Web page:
Seven Years, But Still Very Few Answers
On December 14, 2014. forensic experts at the University of Innsbruck determined the remains of a body matched one of the students, Alexander Mora. At a protest soon after Mora’s remains were confirmed, the father of one of the missing students had declared, “We will not sit down and cry. We will continue in our struggle to bring back alive the 42.”
The remains of a second student, Jhosivani Guerrero de la Cruz, were confirmed on September 16, 2015.
No other students—alive or dead—were confirmed until July 2020, when an anonymous tip led investigators to a body near a garbage dump in Coculo, a town near Iguala. Investigators matched the remains they found to a third student, Christian Alfonso Rodríguez Telumbre.
The fate of the 40 remaining students remains a grim mystery. State and federal investigations into the “43” atrocity have been severely criticized and discredited. Those early investigations accused a local drug gang of kidnapping and executing the students, burning their bodies at a local landfill, and dumping the remains in a nearby river.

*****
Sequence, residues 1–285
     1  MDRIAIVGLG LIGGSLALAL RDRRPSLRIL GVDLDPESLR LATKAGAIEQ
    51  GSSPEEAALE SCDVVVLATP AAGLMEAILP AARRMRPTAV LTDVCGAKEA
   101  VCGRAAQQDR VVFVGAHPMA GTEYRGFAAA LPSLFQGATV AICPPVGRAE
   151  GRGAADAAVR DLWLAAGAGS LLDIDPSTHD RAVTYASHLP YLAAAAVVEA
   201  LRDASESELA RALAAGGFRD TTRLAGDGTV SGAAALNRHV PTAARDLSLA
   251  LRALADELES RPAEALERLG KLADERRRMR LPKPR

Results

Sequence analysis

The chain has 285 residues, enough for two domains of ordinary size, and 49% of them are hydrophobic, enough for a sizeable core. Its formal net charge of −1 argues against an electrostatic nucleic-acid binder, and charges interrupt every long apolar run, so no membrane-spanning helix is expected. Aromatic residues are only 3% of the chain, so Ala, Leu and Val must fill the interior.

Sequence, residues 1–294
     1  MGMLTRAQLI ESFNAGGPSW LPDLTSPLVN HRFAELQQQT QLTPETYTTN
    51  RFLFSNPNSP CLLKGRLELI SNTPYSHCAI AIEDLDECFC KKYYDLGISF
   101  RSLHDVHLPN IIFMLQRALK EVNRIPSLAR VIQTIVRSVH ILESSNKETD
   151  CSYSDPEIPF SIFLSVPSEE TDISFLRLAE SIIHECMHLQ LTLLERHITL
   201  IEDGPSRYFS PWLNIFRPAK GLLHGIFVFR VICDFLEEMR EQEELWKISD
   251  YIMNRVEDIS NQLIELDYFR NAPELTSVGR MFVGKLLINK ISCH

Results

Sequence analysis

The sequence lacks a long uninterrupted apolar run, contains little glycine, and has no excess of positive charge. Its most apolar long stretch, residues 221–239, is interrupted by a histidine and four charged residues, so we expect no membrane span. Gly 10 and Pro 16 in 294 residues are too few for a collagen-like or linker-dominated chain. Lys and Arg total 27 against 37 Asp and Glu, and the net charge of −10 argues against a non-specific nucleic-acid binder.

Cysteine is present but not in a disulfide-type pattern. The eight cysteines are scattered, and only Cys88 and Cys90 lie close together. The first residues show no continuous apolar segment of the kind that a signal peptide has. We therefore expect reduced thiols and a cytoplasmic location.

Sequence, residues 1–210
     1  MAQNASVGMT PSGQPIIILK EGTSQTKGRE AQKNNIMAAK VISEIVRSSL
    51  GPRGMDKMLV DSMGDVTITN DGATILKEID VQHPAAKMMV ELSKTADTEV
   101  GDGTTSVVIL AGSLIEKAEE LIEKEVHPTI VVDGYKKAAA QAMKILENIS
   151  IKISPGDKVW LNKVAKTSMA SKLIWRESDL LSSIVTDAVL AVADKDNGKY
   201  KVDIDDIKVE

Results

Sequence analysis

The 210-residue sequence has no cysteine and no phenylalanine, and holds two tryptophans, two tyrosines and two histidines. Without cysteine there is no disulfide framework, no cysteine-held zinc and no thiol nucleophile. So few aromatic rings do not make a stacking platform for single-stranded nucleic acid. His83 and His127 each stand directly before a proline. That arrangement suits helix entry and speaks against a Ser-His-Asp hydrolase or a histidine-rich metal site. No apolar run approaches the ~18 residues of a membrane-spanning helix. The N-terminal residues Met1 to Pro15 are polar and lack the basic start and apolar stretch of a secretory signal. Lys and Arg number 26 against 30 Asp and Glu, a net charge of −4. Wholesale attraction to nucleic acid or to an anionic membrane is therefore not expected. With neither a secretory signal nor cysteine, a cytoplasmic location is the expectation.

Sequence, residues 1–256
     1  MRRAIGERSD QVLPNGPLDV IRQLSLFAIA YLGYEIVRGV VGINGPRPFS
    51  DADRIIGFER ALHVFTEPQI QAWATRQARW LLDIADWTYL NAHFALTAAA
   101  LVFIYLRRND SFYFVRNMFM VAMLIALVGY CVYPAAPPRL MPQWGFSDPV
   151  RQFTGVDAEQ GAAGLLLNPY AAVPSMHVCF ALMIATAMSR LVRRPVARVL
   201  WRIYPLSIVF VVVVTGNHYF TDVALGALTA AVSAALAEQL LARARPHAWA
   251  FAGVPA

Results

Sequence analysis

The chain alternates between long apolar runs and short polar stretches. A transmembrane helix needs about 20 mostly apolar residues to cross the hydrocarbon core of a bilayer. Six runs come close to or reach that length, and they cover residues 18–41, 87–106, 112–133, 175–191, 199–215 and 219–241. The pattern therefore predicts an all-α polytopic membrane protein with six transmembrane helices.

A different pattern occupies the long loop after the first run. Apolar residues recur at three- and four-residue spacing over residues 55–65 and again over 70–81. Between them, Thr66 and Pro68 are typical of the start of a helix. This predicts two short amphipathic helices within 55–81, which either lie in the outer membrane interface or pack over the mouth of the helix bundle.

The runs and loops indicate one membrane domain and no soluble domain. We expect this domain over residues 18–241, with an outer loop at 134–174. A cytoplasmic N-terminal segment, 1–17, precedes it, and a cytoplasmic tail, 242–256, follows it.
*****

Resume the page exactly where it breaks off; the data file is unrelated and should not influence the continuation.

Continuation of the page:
However, in 2015, an independent investigation concluded the Mexican government’s findings were a fiction. That panel concluded that state and federal police had worked with municipal police to kill and kidnap the students. The investigators also confirmed that federal authorities working the case had tortured most of the arrested suspects to extract confessions.
Over the course of years of protests, Mexican citizens have demanded that the kidnapped students be returned alive. Such a wish grows less likely with each passing day. Instead, parents are left to mourn their missing sons, stolen from them by political leaders and police officers who continue to act with impunity, violence, and terror.
Science, Engineering, and Technology Building
Figures in the SET building, first floor. These figures include those representing the three students who have been confirmed dead.
Next Stop: Snow
The "Remember the 43 Students" installation continues in the Snow Math and Science (SNOW) building. It is number #7 on the map.